- I used white pillow cases and big, red ribbons (that I already had) as gift bags for bigger items.
- I didn’t buy any new wrapping paper, but pulled out whatever I had left over from previous years, and set up a wrapping station for the rest of the family, but informed them about the bags, and encouraged them to see if they could use the bags, before they reached for the paper. About half of them did.
- I did not buy any new gift tags this year, but used my trusty heart punch from my scrapbooking supplies and punched out lots of hearts, and then punched a hole in each one so they could be attached to the ribbons easily. I also gathered all unused gift tags from previous years that were laying around in various Christmas boxes and drawers, and put them in one envelope in the wrapping station, for easy access, to be used up.
- I still have lots of left over plastic ribbons from my previous life, so they were available in the wrapping station, but I also made sure there were plenty of silk and satin ribbons there too. After the gifts were opened, I carefully collected all the reusable ribbons for future use, thereby reducing the amount of plastic ribbons ending up in the trash.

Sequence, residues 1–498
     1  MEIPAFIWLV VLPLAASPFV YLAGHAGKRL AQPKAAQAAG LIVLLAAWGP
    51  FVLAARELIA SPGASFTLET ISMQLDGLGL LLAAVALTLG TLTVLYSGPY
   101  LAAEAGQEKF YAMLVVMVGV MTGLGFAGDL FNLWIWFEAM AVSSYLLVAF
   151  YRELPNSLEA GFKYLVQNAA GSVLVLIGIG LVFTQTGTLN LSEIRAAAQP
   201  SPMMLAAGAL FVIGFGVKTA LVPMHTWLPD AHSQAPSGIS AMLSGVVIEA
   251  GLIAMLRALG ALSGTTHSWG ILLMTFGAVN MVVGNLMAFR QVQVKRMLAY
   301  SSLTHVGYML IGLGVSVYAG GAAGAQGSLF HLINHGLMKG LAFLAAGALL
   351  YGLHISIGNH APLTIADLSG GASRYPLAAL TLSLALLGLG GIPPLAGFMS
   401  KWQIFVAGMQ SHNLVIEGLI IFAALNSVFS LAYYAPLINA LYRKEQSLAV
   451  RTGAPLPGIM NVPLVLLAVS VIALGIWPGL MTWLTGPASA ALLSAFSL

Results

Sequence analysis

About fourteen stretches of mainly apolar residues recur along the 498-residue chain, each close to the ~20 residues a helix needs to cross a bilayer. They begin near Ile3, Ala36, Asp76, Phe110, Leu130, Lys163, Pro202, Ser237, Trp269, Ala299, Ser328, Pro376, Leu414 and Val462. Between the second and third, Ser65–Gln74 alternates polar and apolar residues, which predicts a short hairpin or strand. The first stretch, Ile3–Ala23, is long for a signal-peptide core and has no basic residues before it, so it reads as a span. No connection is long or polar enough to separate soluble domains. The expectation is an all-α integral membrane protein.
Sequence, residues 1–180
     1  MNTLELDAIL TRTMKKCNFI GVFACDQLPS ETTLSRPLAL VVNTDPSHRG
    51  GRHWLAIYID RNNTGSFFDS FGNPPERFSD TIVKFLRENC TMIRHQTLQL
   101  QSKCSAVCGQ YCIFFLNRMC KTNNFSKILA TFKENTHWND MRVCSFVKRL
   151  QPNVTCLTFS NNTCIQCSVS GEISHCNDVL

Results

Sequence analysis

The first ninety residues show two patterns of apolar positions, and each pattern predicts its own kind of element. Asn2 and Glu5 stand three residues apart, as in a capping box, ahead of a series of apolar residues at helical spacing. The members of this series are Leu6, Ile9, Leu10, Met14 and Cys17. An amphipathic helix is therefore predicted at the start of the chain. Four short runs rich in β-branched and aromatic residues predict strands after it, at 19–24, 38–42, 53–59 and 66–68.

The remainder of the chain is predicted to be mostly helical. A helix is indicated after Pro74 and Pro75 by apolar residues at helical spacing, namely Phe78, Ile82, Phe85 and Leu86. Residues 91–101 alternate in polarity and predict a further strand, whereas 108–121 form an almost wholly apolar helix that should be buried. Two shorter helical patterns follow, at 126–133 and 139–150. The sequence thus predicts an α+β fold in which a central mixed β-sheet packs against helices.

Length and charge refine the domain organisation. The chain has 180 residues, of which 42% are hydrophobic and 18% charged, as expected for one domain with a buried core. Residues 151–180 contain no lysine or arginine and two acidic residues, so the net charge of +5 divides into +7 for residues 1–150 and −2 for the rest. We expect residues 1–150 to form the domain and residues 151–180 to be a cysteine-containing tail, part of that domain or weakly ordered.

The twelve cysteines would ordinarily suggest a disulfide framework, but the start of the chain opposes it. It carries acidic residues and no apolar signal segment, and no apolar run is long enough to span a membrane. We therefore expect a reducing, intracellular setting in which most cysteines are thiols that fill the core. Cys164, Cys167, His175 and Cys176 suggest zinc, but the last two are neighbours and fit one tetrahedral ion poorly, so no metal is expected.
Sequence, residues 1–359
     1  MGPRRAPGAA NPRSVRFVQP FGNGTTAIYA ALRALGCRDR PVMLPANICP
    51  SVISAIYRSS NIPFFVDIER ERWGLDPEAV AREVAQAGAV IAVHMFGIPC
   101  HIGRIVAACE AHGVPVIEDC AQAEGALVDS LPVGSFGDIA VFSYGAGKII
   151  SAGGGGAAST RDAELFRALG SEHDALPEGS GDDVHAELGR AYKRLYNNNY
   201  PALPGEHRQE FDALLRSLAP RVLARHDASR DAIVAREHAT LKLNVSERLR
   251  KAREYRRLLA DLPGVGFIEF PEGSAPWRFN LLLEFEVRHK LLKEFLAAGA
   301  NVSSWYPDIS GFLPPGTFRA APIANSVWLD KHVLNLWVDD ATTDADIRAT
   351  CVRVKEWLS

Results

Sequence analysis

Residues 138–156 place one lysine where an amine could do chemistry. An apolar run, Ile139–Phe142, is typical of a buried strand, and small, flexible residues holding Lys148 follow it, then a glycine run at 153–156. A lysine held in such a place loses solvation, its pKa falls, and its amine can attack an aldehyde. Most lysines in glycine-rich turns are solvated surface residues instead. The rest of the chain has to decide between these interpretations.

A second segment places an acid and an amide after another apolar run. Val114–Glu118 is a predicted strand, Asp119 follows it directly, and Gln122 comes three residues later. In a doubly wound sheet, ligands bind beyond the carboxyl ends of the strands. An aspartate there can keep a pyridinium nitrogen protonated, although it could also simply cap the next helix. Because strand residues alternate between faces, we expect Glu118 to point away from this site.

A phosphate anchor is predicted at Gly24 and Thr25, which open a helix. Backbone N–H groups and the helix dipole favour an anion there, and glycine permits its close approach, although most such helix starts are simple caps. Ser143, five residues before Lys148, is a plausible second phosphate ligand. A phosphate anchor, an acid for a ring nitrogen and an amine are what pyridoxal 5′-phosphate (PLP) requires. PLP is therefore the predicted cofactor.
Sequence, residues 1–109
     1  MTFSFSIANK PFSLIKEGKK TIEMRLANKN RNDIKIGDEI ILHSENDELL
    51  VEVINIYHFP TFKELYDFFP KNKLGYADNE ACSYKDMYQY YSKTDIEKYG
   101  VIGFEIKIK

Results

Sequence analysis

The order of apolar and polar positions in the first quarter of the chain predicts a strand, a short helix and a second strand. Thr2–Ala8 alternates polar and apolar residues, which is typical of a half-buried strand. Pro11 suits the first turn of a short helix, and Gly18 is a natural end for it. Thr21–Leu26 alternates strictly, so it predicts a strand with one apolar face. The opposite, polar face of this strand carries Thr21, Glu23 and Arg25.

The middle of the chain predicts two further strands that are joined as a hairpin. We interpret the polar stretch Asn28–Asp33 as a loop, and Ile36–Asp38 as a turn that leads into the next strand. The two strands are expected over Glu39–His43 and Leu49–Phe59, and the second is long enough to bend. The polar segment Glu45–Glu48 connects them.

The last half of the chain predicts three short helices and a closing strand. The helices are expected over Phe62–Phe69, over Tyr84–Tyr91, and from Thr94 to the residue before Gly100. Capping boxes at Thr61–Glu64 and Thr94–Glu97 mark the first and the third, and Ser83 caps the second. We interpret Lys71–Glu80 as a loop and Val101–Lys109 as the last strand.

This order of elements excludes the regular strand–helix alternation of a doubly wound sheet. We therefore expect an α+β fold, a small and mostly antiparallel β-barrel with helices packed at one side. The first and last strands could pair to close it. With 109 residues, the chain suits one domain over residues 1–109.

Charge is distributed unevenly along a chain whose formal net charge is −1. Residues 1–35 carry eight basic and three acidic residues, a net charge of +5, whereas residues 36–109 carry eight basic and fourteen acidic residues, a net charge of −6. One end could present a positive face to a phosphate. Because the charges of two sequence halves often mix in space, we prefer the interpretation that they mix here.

- The biggest and most unexpected bonus about using the bags was actually how much less time it took to wrap the gifts, compared to using paper. (If you don’t count the time actually sewing the bags – but even that took much less time than I thought it would.)
Finally – food.
Planning is – as always – key. When we went food shopping before Christmas, we didn’t just throw anything into the cart that we thought we might eat at some point. We stuck to our menu plan. And on the menu plan, for the first time ever, we scheduled a left-overs meal day. That day was yesterday, and we still haven’t eaten up all the left-overs, so we might have to schedule another one… We have extended family staying for just over two weeks this year, and although it is tempting to go shopping every day for new meals, or even eating out, we will be going through our freezer and using up whatever is there.
So, there you have it. My Zero Wastish Christmas report.
My new project is Marie Kondo’ing the entire house. I read about Marie Kondo’s book ‘The Life changing magic of tidying up – the Japanese art of uncluttering’ on Maja Huse’s blog – and basically thought – nah – she’s too extreme… But while cooped up in hospital, I downloaded the book to my ipad, and fell in love. And since I came home, I’ve been lovingly going through stuff and asking myself ‘Does it Spark Joy?’ If it does, I keep it, if not, I donate or recycle or throw it away. I have long known and enjoyed the joy and exhilaration of culling and getting rid of stuff. Marie Kondo takes it to a whole new level though. Mummy was right. ‘A place for everything, and everything in it’s place’, really does make for peace of mind… However, it is indeed a work in progress. More to come on that front. 🙂